[erlang-questions] Erlang Web Servers challenge
Wed Jul 6 14:08:16 CEST 2011
On Wed, Jul 6, 2011 at 1:42 PM, Zabrane Mickael <zabrane3@REDACTED> wrote:
> What are you trying to show with this benchmark? That is, what is the
> goal of it?
> At the end of the day, I'll try to compare Erlang Web servers with others
> competitors (not written in Erlang).
> Serving a static file is something nginx and a couple of
> Haskell HTTP servers are very good at (see the Warp-project).
> Please, just follow and stick to the rules.
> Nginx or Varnish (https://www.varnish-cache.org/) or any HTTP accelerator
> are out of this challenge scope.
> This violates Rule 1 in Mark Nottingham's http benchmark advice:
> I'm aware of that rule (Steve Vinoski
> post: http://steve.vinoski.net/blog/2011/05/09/erlang-web-server-benchmarking/).
> Thanks anyway.
> Why it's so hard to just play the game guys?
Because if you propose a new game then people will question and try to
change the rules.
That's how baseball got invented, and I know cricket is far better,
but that is a bit off-topic here.
In the particular case just about the last thing I want to know about
is how fast I can serve static content - there is an entire industry devoted
to exactly this question.
Erlang was designed for building fault-tolerant systems, it was *not* designed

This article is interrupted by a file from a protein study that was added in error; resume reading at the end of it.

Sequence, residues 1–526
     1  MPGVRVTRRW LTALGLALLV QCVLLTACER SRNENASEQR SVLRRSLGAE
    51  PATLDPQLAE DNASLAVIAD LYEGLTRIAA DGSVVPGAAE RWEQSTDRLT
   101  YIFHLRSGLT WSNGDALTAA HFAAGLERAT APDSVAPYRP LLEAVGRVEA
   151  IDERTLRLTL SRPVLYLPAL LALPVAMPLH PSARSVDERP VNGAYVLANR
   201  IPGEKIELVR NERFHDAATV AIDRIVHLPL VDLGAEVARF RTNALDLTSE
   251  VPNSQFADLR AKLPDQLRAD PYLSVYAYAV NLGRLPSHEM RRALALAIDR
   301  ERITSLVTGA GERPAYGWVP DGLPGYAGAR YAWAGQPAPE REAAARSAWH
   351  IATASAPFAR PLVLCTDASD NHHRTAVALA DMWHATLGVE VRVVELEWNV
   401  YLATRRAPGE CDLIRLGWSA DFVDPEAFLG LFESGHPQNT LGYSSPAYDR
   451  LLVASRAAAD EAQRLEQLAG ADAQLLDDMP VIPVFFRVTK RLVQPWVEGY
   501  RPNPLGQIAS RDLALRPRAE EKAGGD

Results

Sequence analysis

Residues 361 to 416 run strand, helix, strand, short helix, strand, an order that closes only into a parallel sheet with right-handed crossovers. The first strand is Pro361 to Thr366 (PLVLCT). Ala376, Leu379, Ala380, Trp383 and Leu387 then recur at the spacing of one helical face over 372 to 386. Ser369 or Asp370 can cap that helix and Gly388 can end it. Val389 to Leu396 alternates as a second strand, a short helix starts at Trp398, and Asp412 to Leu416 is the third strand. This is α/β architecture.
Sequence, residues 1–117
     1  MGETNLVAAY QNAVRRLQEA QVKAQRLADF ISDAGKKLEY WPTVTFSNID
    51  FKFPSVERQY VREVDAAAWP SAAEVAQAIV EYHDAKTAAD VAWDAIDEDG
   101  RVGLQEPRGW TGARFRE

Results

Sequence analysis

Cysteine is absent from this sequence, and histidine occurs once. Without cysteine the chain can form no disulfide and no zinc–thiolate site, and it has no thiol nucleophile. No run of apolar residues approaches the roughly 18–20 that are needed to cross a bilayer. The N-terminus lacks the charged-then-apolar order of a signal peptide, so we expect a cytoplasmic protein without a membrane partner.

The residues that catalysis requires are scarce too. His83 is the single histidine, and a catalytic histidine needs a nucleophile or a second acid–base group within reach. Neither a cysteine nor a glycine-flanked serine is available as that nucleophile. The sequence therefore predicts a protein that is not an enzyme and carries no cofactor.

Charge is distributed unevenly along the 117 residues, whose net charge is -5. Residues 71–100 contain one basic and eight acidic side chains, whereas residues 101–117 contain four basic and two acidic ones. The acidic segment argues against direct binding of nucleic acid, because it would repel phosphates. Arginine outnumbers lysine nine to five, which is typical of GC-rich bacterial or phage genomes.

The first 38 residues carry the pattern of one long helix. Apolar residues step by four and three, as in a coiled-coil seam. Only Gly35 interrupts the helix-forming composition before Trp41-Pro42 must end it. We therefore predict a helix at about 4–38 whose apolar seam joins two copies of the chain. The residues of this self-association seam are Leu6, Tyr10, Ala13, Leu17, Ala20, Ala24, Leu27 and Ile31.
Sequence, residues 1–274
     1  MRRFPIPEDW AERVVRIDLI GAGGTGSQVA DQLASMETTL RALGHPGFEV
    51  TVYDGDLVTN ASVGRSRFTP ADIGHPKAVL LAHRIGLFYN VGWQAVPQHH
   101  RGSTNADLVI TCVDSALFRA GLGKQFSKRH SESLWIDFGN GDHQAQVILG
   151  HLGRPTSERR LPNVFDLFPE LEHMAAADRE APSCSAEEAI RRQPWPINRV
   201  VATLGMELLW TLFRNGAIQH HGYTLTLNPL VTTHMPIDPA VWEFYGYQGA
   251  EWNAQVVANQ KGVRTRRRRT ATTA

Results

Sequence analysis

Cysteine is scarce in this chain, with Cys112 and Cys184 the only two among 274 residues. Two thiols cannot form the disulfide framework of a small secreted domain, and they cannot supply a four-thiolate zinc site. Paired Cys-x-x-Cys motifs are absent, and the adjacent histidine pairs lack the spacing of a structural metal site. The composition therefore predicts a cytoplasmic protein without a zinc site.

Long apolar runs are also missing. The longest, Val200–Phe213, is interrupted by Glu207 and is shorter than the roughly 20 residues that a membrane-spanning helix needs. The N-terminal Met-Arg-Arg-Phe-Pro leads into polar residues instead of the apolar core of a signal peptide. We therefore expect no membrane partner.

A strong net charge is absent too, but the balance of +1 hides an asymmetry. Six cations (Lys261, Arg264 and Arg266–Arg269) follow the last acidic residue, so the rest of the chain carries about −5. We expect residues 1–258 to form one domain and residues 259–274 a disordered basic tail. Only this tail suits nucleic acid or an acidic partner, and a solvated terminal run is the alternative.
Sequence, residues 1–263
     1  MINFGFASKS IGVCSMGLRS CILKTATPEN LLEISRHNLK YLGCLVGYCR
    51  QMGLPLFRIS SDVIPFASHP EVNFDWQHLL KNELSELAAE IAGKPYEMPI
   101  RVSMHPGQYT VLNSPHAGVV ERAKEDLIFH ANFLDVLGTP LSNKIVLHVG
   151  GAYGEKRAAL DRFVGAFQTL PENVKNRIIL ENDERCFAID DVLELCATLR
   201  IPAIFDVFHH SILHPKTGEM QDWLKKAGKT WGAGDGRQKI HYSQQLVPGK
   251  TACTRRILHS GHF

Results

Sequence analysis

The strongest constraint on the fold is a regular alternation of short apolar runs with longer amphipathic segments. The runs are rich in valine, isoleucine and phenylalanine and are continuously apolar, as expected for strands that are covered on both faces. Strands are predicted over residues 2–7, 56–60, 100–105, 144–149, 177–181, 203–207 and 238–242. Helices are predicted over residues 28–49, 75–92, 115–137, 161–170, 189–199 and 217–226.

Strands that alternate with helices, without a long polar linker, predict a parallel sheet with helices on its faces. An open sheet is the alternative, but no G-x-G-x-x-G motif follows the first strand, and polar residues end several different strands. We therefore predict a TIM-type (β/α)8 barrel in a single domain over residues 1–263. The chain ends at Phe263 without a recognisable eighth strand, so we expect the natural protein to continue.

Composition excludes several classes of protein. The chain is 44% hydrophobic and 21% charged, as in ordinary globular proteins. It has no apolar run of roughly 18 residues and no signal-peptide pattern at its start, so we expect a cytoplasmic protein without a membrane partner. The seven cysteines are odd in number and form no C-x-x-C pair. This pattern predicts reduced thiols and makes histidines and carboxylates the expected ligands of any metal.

for building fast systems. I would expect therefore that it would do badly
at things that non-fault tolerant systems are good at (like serving
(( I'm sure we could build a fast content delivery network in Erlang -
but this is not easy - the low hanging
fruit was taken year ago - and it's got nothing to do with Erlang, its
all about algorithms, caching, locality
peering agreements etc.))
Like it or not, the results of such a measurement will be
misinterpreted and abused.
The fastest ever Erlang web server should be way slower than the
tolerant web server.
A result of the form "the fastest Erlang web server is way slower than
the fastest non fault-tolerant
server" will be widely quoted and blogged, and the results will be
For me I like to "make things work" before I "make them fast" - so the
question of exactly what happens
under stress, just before things fail is extremely interesting.
I am very interested to know exactly how and when things fail when you
Sending 100 bytes from a file seems to measure nothing interesting.
Since it's the same file
I expect it to be read *once* then cached in memory. It's so small
that I expect no IP fragmentation at all.
You won't really be measuring the performance of the web server, but
rather the perfomance of
a tiny sub-set of gen_tcp and file. If the authors of the various web
serveres havn't made some catestripohuic
mistales in their implamentaion I expect their code to be just a thin
layer of the standard librarie rountines and
I expect the results to be broadly similar.
I always like to ask the question:
What would you do with the results of such a measurement?
Because unless you can give a good answer to this, there does not seem
much point in doing the experiment.
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